MANILA, Philippines — Child rights groups said they will coordinate with the Philippine National Police (PNP) and the Armed Forces of the Philippines (AFP) to verify reports that some lumad (Indigenous Peoples) schools are allegedly being run by the communist New People’s Army.
“As we said, we are working with PNP and AFP about that [red-tagging] at vine-verify naman po yung reports of certain activities that may be inclined to leftist,” Normina Mojica, planning officer in Council for the Welfare of Children (CWC), said in a press conference on the Special Protection for Children in Situations of Armed Conflict Act in Quezon City on Tuesday.
This was under the Implementation of Rules and Regulations (IRR) of Special Protection for Children in Situations of Armed Conflict Act which was earlier signed by government agencies, including PNP and AFP.
The law, approved on Jan. 10, aims to extend protection for children in situations of armed conflict (CSAC) from all forms of abuse, violence, cruelty and discrimination.
Under the law, an adoption of “expanded definition of schools and health facilities will allow wider protection of children.”
READ: ‘Red-tagging’ of lumad worsens under martial law in Mindanao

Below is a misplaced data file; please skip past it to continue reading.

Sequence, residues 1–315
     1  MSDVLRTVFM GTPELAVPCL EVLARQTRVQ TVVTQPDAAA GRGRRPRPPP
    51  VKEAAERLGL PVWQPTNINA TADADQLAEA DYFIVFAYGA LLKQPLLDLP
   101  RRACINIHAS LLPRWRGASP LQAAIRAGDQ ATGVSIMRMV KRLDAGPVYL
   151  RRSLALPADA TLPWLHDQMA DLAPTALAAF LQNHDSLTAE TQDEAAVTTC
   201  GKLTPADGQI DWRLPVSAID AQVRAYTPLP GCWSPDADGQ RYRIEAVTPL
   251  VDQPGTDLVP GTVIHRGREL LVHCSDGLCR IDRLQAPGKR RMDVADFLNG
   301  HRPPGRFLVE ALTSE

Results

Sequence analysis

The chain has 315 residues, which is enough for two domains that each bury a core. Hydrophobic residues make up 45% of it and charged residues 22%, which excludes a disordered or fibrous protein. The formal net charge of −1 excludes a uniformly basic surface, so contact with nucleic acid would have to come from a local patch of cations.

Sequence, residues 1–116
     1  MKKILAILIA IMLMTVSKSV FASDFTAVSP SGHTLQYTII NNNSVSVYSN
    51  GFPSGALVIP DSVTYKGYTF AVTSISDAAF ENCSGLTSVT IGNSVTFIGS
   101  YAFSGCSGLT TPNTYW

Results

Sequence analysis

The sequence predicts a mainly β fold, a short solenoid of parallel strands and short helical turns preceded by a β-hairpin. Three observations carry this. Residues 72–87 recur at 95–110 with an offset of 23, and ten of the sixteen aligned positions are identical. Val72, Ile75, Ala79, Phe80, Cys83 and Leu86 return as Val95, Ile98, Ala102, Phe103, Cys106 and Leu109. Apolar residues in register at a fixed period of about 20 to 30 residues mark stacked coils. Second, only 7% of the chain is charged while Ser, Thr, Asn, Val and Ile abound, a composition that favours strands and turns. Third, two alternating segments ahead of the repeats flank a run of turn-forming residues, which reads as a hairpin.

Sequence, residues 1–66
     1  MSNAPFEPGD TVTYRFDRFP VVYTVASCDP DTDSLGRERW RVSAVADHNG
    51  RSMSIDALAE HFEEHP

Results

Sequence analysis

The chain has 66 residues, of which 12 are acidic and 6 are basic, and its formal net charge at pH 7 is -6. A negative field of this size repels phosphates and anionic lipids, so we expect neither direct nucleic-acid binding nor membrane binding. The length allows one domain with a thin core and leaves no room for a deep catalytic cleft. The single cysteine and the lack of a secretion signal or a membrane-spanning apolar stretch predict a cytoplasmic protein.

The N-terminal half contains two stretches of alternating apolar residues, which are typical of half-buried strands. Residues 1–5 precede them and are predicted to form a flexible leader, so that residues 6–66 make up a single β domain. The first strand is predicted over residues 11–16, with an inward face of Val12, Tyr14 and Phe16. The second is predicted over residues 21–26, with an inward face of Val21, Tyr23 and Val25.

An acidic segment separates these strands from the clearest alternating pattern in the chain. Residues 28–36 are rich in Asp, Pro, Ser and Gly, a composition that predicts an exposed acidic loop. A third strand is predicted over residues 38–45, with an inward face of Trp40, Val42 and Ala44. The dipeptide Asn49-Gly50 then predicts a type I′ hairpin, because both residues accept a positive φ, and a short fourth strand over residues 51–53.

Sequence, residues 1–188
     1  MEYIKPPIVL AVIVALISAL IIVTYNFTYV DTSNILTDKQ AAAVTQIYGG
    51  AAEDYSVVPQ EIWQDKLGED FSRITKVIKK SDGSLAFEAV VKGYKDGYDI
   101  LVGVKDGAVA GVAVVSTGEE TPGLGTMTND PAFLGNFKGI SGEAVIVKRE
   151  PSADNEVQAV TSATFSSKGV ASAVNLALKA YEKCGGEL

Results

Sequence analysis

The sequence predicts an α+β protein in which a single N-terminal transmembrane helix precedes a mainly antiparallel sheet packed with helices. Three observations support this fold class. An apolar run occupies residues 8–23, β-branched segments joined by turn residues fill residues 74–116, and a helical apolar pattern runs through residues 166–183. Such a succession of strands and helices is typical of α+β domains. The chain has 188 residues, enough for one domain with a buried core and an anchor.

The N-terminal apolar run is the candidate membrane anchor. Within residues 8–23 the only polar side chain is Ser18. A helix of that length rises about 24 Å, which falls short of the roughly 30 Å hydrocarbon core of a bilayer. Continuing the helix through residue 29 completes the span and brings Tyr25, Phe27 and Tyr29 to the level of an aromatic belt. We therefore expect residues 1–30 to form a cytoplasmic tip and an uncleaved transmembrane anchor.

According to Mojica, this means places and structures must be accredited by government agencies to ensure that a safe learning environment for children.
“It can be a place for our children who are studying or learning so dapat accredited ng gov’t or recognized ng community as a [learning] space,” Mojica said.
“Alam naman po natin siyempre sa remote areas, ‘di naman necessarily na may existing na schools diyan,” she added.
The measure ordered the PNP and AFP to undertake measures to address factors of armed conflict and implement measures for rehabilitation of children.
To recall, President Rodrigo Duterte placed Mindanao under martial law back in 2017 after terrorist groups and state forces clashed in Marawi City.
With martial rule in effect, the “red-tagging” of residents especially lumad teachers and students has become rampant.
In a speech in July 2017, Duterte also accused members of the Indigenous Peoples community of having connections with communist rebels and even ordered the military to close down lumad schools.